Wednesday, August 20, 2008

Towards the Russian heartland

From the Solovetskiy Islands, I planned my journey southwards, to the cities Vologda, Yaroslavl' and Nizhny Novgorod. However, I first had to get of the island. And on the boat from Solovetskiy back to Kem', I got a bit seasick again. The White Sea was very wild that day and with a cold northern wind, I wasn't feeling that good. On the boat I met a German guy, Florian, who studies in Moscow and I met two girls from Vologda, Alina and Lyuda. The two girls from Vologda were on their way home, and as Vologda was my next destination as well, we went to the trainstation together. We bought tickets for the next morning (6am) and we slept on the trainstation, waiting for the train. As soon as I boarded the train and got my bed sheets, I fell asleep and didn't wake up until the late afternoon. I really started to like Russian train journeys, as it is a great way to meet people and to enjoy the landscape. The journey from Kem' to Vologda takes over 24 hours and I spent it mostly with a couple of guys who I met in the restaurant wagon. Most of the guys I met came from Murmansk, were they served the Russian navy on a submarine. We spended our time drinking, Russian style (which means a lot), and talking about life in the Netherlands and Russia.
Arriving the next morning in Vologda, I said goodbye to the submarine guys and together with Alina and Lyuda, I searched for a cheap place to stay. However, all the places we went to were either too expensive or full. Alina called one of her friends who was not in town and arranged a place in his apartment. Later that day we walked around Vologda and both girls showed me the nice spots of the city. We went to St Sofia cathedral and the nice kremlin. We visited a history museum and spent some time in a park.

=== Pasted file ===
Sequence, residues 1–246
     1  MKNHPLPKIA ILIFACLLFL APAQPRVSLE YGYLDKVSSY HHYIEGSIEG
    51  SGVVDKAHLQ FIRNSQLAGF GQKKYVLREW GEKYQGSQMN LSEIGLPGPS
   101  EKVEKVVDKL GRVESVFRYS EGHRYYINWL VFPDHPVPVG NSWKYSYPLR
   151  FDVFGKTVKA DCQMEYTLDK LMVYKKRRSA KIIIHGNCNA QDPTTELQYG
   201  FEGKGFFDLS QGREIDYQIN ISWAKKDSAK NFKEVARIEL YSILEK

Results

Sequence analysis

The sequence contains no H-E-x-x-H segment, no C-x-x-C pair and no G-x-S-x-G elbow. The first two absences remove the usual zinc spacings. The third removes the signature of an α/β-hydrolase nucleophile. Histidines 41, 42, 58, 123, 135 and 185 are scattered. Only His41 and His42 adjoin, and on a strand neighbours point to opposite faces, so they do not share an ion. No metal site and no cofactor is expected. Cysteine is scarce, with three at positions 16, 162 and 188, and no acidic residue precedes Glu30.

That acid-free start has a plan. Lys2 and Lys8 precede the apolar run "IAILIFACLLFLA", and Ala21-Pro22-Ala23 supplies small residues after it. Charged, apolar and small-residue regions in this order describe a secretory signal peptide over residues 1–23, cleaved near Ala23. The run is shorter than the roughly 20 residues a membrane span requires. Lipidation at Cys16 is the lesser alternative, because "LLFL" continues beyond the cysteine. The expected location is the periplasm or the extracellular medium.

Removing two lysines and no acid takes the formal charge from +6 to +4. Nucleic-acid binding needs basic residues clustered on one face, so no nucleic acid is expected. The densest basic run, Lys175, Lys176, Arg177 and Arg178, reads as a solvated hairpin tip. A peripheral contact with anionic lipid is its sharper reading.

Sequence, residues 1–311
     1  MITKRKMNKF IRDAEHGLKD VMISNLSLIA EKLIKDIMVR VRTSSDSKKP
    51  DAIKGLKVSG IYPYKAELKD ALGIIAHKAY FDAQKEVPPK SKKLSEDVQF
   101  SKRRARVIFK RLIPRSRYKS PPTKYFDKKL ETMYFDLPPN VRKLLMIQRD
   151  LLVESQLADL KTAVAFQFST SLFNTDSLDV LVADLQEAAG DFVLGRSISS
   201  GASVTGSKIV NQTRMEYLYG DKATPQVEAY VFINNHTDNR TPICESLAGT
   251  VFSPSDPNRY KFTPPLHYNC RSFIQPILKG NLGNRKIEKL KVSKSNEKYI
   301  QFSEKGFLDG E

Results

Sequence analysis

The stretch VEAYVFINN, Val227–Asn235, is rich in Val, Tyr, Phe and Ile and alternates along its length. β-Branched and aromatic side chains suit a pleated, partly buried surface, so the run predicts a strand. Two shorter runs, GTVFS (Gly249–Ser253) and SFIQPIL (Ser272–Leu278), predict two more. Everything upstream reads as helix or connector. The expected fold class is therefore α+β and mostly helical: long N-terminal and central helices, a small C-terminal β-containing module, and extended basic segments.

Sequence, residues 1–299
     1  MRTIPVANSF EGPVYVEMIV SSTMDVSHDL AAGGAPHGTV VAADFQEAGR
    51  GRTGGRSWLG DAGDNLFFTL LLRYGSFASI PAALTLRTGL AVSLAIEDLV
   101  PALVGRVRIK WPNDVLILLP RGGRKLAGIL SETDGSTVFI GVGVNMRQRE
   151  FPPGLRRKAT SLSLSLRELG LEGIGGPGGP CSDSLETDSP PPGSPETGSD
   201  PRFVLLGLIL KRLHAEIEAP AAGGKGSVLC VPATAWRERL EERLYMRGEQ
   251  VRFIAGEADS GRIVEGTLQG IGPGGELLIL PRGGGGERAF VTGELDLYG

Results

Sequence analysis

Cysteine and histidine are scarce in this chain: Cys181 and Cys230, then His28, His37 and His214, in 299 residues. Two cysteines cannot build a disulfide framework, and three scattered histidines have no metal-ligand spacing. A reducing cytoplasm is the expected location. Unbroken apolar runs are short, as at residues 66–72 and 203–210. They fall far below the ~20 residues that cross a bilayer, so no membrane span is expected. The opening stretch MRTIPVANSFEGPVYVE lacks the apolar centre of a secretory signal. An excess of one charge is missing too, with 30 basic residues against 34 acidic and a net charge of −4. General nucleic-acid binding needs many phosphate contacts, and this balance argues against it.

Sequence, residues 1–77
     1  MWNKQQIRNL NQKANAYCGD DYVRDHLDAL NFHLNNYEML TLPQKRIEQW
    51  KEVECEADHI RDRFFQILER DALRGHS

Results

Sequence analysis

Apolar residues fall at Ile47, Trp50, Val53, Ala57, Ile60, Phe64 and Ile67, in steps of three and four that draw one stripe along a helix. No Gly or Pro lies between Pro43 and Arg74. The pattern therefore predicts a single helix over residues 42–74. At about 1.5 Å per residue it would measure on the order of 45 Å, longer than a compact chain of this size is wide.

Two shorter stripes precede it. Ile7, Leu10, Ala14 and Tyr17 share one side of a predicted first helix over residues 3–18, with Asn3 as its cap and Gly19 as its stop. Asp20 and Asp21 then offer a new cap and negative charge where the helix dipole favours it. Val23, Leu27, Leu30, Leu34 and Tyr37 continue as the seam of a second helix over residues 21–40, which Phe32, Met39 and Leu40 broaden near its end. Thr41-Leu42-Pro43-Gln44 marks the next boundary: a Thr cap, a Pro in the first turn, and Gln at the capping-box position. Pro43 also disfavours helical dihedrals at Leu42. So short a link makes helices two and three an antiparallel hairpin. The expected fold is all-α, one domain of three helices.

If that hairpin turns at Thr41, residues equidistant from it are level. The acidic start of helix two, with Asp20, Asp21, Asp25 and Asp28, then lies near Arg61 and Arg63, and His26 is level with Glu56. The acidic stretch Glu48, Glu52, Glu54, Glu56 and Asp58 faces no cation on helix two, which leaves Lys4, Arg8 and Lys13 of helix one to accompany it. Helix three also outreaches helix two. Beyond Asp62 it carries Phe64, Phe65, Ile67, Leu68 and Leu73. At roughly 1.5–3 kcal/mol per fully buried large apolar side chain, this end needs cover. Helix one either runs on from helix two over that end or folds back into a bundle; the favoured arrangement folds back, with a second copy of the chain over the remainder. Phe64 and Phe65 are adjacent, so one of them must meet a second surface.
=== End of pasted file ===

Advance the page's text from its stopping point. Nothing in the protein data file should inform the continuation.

The city of Vologda is a provincial town and it is famous for its religious importance. The St Sofia cathedral especially, but also the Spaso-Prilutsky monastery make Vologda the religious center of the region. Besides the religious buildings, the city has a historical town centre with colourful wooden houses and cozy streets. On my second day in Vologda we had lunch in a really nice restaurant and we visited the monastery. Later on, I hopped on a train further south, to Yaroslavl'.
My arrival in Yaroslavl' wasn't that pleasant actually. I arrived late in the evening and I couldn't find a suitable place to stay. Also I ended up walking in a huge crowd of local football supporters who just lost a match against Rubin Kazan'. Around midnight I finally found an affordable place to stay, called Kotorosl' hotel, where I met two guys, Roman and Dima. They invited me for a couple of beers in the lobby with their friends.
The next day I wandered around Yaroslavl', which is quite a large city on the Volga river. Famous for its large amount of Orthodox churches and its relaxed atmosphere along the river banks, I was happy to stay in Yaroslavl' for a couple of days. I went to the river side kremlin, visiting the city's most important church and I saw a bear called Masha. I visited some more churches, strolled along the Volga and I used the internet in a fancy hotel. In the evening I met Roman and Dima again, with whom I drunk some beers again before taking a rusty tram to the trainstation. I booked a ticket on a nighttrain to Russia's third city: Nizhny Novgorod.
Arriving in Nizhny the next day, I called Lena, another person I contacted through hospitalityclub. We met later that day and strolled a bit around in Russia's third largest city. Nizhny Novgorod lays on the intersection between the Oka and Volga rivers and it is famous for its car factories. The 'GAZ' car factory (Gorkovskiy Avto Zavod) is situated in Nizhny and produces high quality car brands like Lada, Volga and Oka. The city is nicknamed as the 'third' capital of Russia; Moscow being the political capital, St Petersburg the cultural capital and Nizhny Novgorod Russia's economical capital. Historically Nizhny is a trading post, but during Soviet times it became heavily industrialized.
During my stroll around the city center, Lena showed me the nice kremlin and told me about Nizhny's history. We took a tram over the beautiful Oka bridge to Lena's apartment, where we made ourselves some diner. The next day, I walked a bit in Nizhny's center by myself and in the evening I said Lena goodbye and hopped on the next night train to Kazan', capital of Tatarstan republic. On the train I met a lot of nice people again, who made me really exited about the historical city Kazan'.